public void AddMessage(string message)
        {
            if (Messages == null)
            {
                Messages = new List<string>();
            }
            Messages.Add(message);
        }
    }

Navigate to the Index action of the Home controller and modify it as follows:

public ActionResult Index()
        {
            DateTime startDate = DateTime.UtcNow; 

            HomePageViewModel viewModel = new HomePageViewModel();
            viewModel.AddMessage(string.Concat("Starting Action on thread id ", Thread.CurrentThread.ManagedThreadId));
            CalculationService calcService = new CalculationService();
            DatabaseService dataService = new DatabaseService(); 
            viewModel.AddMessage(calcService.GetResult());
            viewModel.AddMessage(dataService.GetData()); 

            DateTime endDate = DateTime.UtcNow;
            TimeSpan diff = endDate - startDate; 

            viewModel.AddMessage(string.Concat("Finishing Action on thread id ", Thread.CurrentThread.ManagedThreadId));
            viewModel.AddMessage(string.Concat("Action processing time: ", diff.TotalSeconds));
            return View(viewModel);
        }

Nothing complicated here either: we’re just adding messages to the view model, show the thread ids and measure the time it takes to complete the action.

Modify Index.cshtml of the Home view as follows:

@model Mvc4.ViewModels.HomePageViewModel
@{
    ViewBag.Title = "Home Page";


<ul>
    @foreach (String message in Model.Messages)
    {
        <li>@message</li>
    }
</ul>

So when you run the web page you should see an output similar to the following:

It’s easy to see the following:

  • The Index() action blocks the thread when it calls CalculationService and DatabaseService
  • The total processing time took about 4 seconds in total
  • All involved methods executed on the same thread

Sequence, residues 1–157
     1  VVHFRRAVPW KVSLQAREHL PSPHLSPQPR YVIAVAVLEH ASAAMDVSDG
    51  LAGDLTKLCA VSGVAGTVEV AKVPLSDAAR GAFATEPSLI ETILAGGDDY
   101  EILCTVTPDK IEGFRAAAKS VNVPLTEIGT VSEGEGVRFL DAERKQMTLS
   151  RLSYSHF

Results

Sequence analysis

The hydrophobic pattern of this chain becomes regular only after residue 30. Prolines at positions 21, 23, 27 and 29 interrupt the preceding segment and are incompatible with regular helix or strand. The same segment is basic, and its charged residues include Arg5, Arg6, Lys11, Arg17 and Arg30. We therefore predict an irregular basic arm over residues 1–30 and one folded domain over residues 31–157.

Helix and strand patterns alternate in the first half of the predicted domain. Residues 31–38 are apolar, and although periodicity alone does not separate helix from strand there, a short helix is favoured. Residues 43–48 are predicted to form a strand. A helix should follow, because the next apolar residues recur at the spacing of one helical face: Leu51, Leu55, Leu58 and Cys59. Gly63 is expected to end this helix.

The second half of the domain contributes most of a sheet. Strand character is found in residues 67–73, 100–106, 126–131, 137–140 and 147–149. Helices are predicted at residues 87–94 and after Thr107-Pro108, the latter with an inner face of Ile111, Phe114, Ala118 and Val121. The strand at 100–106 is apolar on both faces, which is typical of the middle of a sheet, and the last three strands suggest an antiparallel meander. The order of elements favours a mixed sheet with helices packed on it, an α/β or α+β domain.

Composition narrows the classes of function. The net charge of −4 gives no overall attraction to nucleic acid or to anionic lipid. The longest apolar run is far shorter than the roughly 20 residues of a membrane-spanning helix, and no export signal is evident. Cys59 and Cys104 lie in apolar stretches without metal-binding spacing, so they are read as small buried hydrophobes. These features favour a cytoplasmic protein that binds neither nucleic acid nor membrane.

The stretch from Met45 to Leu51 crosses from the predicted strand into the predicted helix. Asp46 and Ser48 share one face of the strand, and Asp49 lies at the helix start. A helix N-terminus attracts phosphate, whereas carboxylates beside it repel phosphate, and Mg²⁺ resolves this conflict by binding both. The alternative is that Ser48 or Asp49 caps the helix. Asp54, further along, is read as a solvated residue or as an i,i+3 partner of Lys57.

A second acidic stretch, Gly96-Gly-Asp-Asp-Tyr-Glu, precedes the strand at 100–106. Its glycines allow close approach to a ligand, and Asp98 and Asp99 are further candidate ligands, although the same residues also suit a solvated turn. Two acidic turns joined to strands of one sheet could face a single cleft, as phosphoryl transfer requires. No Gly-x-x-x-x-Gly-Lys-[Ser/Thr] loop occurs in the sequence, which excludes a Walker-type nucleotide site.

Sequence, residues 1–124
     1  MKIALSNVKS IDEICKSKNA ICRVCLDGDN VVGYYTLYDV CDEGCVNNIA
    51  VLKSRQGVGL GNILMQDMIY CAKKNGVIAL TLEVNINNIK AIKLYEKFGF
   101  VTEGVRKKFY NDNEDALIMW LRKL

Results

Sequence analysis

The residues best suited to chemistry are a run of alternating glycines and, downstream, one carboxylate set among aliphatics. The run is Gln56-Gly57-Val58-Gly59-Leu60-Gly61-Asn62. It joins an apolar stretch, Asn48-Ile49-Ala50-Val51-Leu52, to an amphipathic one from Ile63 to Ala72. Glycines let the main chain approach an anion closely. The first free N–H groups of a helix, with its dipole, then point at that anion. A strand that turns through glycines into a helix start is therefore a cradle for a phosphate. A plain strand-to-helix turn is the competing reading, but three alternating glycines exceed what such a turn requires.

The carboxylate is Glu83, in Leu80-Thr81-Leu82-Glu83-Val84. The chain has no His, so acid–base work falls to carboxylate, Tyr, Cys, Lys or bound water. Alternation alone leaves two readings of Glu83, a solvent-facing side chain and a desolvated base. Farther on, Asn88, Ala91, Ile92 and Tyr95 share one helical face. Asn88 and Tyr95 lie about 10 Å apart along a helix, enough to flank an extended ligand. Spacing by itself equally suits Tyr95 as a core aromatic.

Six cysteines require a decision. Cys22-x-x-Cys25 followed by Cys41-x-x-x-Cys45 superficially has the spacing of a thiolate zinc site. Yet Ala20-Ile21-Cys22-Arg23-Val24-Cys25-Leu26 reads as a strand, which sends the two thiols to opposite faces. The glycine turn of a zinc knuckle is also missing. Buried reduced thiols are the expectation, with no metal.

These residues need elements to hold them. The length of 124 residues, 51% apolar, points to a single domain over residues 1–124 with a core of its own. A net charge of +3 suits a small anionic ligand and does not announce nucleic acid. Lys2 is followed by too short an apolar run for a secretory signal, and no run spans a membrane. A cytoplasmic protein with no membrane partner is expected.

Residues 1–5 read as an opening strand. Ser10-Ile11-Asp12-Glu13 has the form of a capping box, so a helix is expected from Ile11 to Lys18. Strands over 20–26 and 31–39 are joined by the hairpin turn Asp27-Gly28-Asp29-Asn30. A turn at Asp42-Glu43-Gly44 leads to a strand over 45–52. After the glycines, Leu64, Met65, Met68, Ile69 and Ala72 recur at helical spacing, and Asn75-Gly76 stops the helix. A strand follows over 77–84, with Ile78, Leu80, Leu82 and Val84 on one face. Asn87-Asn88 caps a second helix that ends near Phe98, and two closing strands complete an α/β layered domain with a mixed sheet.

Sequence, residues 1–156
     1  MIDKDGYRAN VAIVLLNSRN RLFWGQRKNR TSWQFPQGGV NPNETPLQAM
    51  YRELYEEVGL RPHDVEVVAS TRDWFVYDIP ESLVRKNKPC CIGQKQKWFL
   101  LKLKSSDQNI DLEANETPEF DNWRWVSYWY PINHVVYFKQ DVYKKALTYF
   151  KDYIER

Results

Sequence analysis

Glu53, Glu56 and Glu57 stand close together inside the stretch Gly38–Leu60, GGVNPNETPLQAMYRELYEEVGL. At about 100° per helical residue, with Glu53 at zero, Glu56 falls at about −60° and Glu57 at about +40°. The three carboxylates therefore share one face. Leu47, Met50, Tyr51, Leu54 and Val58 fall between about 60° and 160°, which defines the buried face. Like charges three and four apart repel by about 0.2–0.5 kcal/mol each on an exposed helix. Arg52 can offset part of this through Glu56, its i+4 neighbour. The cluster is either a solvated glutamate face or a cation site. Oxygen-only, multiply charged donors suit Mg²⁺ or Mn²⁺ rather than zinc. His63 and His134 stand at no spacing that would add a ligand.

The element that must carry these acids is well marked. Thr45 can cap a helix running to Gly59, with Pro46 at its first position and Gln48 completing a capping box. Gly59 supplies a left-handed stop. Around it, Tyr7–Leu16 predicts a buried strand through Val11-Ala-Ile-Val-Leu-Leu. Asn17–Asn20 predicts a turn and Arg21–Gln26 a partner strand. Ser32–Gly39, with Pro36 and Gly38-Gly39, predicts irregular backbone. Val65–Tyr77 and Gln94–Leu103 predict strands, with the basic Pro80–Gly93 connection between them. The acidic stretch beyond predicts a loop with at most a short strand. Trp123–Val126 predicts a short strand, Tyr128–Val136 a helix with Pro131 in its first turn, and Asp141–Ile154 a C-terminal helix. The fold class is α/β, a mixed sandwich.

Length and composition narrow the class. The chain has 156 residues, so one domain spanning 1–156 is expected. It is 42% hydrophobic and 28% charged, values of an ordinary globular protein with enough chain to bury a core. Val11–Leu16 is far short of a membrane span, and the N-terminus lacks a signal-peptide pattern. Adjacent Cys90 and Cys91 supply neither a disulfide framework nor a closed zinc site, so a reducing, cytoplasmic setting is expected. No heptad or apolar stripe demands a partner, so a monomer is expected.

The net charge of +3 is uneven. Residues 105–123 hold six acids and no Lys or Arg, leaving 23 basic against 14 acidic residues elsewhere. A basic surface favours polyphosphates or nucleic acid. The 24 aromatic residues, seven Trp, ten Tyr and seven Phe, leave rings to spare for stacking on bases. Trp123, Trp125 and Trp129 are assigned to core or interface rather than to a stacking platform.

Now our goal is to make this process more efficient: as it stands now the main thread is only sitting idle for most of the processing time. This can be a serious problem if we’re intending to build a scalable and responsive application.

We need to make a couple of changes to our code:

  • The Index() action needs to return a Task of type ActionResult and turned to an async method: we do not directly return an ActionResult but a Task that represents an ActionResult
  • Remember that if an action is of type async then it needs to have its pair ‘await’ somewhere in the method body
  • We have two long running method calls within the Index() action, so we’ll instruct MVC4 to await them
  • Since we’ll await those two method calls we need to insert async versions of DatabaseService.GetData() and CalculationService.GetResult() as well: they in turn must also return Tasks of type string instead of plain string

Using our experience from the Console app in the previous post we’ll include an async version of GetResult() in CalculationService.cs:

public async Task<String> GetResultAsync()
        {
            StringBuilder resultBuilder = new StringBuilder();
            resultBuilder.Append("Starting GetResult on thread id ").Append(Thread.CurrentThread.ManagedThreadId)
                .Append(". ");
            await Task.Delay(2000);
            resultBuilder.Append("This is the result of a long running calculation. ");
            resultBuilder.Append("Finishing GetResult on thread id ").Append(Thread.CurrentThread.ManagedThreadId)
                .Append(".");
            return resultBuilder.ToString();
        }

We’ll also insert a GetDataAsync() in DatabaseService.cs:

public async Task<String> GetDataAsync()
        {
            StringBuilder dataBuilder = new StringBuilder();
            dataBuilder.Append("Starting GetData on thread id ").Append(Thread.CurrentThread.ManagedThreadId)
                .Append(". ");
            await Task.Delay(2000);
            dataBuilder.Append("Results from the database. ").Append(Environment.NewLine);
            dataBuilder.Append("Finishing GetData on thread id ").Append(Thread.CurrentThread.ManagedThreadId)
                .Append(".");
            return dataBuilder.ToString();
        }

Update the Index action of the Home controller to call the async method versions of the services:

public async Task Index()
        {
            DateTime startDate = DateTime.UtcNow; 

            HomePageViewModel viewModel = new HomePageViewModel();
            viewModel.AddMessage(string.Concat("Starting Action on thread id ", Thread.CurrentThread.ManagedThreadId));
            CalculationService calcService = new CalculationService();
            DatabaseService dataService = new DatabaseService(); 

            string calculationResult = await calcService.GetResultAsync();
            string databaseResult = await dataService.GetDataAsync(); 

            viewModel.AddMessage(calculationResult);
            viewModel.AddMessage(databaseResult); 

            DateTime endDate = DateTime.UtcNow;
            TimeSpan diff = endDate - startDate; 

            viewModel.AddMessage(string.Concat("Finishing Action on thread id ", Thread.CurrentThread.ManagedThreadId));